This study area consists of a 10-km inland buffer of the U. S. Great Lakes shoreline. Islands within the lakes were included in this invasive Phragmites mapping project where remotely sensed imagery scenes were available.
These files were used to construct corridors estimating the extent of new coastal corridors exposed by reduced lake levels. They are included here to show the available horizontal extent of lidar-derived topo-bathymetric data and thus explicitly identify gaps and limitations of predicted corridor extents under various reduced lake level scenarios. In addition, these files provide users with a background layer that depicts the topographic variability of the submerged near-shore lake bed and terrestrial landscape.These files are 5m grid representations of the hydrographic and topographic data collected by the CHARTS system along the coasts of the U.S. sides of Lake Michigan, Lake Huron, Lake St. Clair, Lake Erie,...
Maps of areas greater than 0.2 hectare (0.5 acre) dominated by invasive Phragmites australis were created for the coastal region (shoreline to 10 km inland) of the United States side the Great Lakes and connecting water ways. The maps were developed using unsupervised/supervised classification methods and ground truth data collected during 2010 and 2011 in conjunction with multi-season ALOS PALSAR imagery (for the remote sensing-based iterative classification process), as well as through the interpretation of aerial photography to reduce classification confusion. Overall classification accuracy compared to field data for mapping was approximately 86%.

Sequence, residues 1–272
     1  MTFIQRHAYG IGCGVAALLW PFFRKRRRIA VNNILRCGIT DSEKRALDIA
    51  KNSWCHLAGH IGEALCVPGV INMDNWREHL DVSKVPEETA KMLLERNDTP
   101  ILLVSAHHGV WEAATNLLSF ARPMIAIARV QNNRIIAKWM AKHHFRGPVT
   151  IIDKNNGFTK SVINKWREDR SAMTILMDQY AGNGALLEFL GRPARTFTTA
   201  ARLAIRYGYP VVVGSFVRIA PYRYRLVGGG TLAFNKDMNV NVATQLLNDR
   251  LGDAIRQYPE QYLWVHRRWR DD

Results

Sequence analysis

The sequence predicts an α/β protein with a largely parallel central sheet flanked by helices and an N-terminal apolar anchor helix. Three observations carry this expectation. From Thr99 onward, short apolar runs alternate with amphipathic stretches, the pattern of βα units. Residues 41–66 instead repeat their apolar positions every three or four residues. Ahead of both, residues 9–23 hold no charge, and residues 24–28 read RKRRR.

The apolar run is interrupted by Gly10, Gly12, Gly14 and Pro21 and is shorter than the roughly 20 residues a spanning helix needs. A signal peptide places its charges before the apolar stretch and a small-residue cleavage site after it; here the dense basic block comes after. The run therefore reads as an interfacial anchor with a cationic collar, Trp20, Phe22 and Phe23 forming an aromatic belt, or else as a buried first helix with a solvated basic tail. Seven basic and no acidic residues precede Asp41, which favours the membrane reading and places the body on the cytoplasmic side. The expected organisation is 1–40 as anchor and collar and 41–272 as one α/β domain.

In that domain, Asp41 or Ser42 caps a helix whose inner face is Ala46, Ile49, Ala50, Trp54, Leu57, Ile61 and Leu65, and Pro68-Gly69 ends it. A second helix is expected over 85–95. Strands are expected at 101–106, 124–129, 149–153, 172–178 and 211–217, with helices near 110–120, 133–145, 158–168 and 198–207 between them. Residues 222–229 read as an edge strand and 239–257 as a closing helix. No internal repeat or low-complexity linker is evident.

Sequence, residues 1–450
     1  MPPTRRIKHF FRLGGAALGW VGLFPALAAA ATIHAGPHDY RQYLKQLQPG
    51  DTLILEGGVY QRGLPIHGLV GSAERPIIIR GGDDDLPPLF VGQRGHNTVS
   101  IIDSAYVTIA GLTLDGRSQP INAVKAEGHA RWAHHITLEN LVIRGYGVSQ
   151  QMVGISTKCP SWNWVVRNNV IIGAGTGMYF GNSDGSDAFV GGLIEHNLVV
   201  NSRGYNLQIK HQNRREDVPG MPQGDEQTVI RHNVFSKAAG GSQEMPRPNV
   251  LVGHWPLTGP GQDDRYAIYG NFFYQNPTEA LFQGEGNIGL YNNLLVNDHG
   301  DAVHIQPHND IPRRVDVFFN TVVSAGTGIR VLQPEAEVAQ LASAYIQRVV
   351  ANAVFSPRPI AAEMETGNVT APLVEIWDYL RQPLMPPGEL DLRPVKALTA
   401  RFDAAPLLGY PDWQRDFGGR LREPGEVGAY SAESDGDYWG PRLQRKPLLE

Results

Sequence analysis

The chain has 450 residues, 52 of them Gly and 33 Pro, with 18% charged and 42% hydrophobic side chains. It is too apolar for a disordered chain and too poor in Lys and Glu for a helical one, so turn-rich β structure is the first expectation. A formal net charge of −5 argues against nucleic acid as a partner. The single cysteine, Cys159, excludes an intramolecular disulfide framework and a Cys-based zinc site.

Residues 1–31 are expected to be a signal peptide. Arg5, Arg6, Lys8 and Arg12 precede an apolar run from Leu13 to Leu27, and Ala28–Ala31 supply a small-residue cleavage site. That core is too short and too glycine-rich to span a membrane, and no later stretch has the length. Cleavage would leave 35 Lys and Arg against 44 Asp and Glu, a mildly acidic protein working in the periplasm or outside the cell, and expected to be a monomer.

These data represent coastal corridors exposed by lake levels reduced from mean 2009 water surface elevations. These elevations were established by values published by the United States Army Corps of Engineers (USACE), and based on a network of multiple gages within each lake. The corridors were derived from two data sources: 5-m resolution lidar-based topo-bathymetry produced by the USACE Joint Airborne Lidar-Based Technical Center of eXpertise (JALBTCX) and the National Oceanic and Atmospheric Administration (NOAA) Coastal Services Center, and bathymetric contour lines produced by the NOAA Great Lakes Environmental Research Laboratory (GLERL). The JALBTCX lidar-based topo-bathymetry were used to produce representations...
Southeast Regional Assessment Project (SERAP): Assessing Global Change Impacts on Natural and Human Systems in the Southeast
The Southeastern United States spans a broad range of physiographic settings and maintains exceptionally high levels of faunal diversity. Unfortunately, many of these ecosystems are increasingly under threat due to rapid human development, and management agencies are increasingly aware of the potential effects that climate change will have on these ecosystems. Natural resource managers and conservation planners can be effective at preserving ecosystems in the face of these stressors only if they can adapt current conservation efforts to increase the overall resilience of the system. Climate change, in particular, challenges many of the basic assumptions used by conservation planners and managers. Previous conservation...